Thursday, April 09, 2015

thirsty people failing states...,


mintpressnews |  The UN defines a region as water stressed if the amount of renewable fresh water available per person per year is below 1,700 cubic metres. Below 1,000, the region is defined as experiencing water scarcity, and below 500 amounts to “absolute water scarcity”.

According to the AWWA study, countries already experiencing water stress or far worse include Egypt, Jordan, Turkey, Iraq, Israel, Syria, Yemen, India, China, and parts of the United States. Many, though not all, of these countries are experiencing protracted conflicts or civil unrest.

The AWWA is an international scientific association founded to improve water quality and supply, whose 50,000 strong membership includes water utilities, scientists, regulators, public health experts, among others. AWWA operates a partnership with the US government’s Environment Protection Agency (EPA) for safe water, and has played a key role in developing industry standards.

Study author Robert Patrick, formerly of PriceWaterhouseCoopers, is a government consultant and water management specialist who has worked on water scarcity issues in Jordan, Lebanon, New Mexico, California and Australia.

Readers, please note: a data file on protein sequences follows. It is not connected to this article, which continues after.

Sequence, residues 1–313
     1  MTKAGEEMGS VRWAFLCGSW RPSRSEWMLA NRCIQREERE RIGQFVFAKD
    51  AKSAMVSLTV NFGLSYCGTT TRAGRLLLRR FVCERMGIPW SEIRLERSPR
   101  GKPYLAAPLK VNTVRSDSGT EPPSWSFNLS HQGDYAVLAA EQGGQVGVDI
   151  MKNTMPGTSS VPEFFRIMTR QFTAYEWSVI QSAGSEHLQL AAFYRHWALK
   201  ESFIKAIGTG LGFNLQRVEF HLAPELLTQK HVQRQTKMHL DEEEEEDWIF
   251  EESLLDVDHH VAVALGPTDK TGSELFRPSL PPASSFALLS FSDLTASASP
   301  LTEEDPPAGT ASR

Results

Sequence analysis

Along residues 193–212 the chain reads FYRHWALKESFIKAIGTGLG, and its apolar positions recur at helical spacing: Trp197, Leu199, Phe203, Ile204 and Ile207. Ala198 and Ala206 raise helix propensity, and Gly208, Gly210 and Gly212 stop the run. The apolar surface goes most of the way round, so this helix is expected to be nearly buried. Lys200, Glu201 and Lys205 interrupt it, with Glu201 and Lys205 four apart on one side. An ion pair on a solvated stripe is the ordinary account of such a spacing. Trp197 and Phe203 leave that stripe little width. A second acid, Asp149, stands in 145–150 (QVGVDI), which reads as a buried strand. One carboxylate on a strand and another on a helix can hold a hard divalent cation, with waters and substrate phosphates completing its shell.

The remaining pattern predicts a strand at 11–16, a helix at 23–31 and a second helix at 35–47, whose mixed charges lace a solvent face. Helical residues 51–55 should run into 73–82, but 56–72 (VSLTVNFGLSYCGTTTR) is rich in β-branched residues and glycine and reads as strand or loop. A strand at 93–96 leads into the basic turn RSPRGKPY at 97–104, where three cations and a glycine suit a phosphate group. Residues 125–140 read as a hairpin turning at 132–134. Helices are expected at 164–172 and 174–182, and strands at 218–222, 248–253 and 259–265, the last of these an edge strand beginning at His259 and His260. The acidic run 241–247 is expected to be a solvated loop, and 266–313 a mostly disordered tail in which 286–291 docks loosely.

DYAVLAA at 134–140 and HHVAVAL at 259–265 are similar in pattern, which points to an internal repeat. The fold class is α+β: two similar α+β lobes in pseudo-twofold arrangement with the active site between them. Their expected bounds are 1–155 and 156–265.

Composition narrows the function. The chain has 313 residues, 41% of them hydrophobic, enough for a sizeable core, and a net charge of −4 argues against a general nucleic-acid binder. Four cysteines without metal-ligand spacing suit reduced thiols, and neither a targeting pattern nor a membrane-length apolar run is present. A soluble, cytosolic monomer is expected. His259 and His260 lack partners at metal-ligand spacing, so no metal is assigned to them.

His Journal of AWWA paper explains that the grain price spikes that contributed to Egypt’s 2011 uprising, were primarily caused by “droughts in major grain-exporting countries” like Australia, triggered by climate change.

Patrick points out that such civil unrest could signal an Egyptian future of continuing unrest and conflict. He highlights the risk of war between Egypt and Ethiopia due to the Grand Ethiopian Renaissance Dam, threatening to restrict Egypt’s access to the Nile River, which supplies 98% of Egypt’s water supply.

As Egypt’s population is forecast to double to 150 million by 2050, this could lead to “tremendous tension” between Ethiopia and Egypt over access to the Nile, especially since Ethiopia’s dam would reduce the capacity of Egypt’s hydroelectric plant at Aswan by 40%.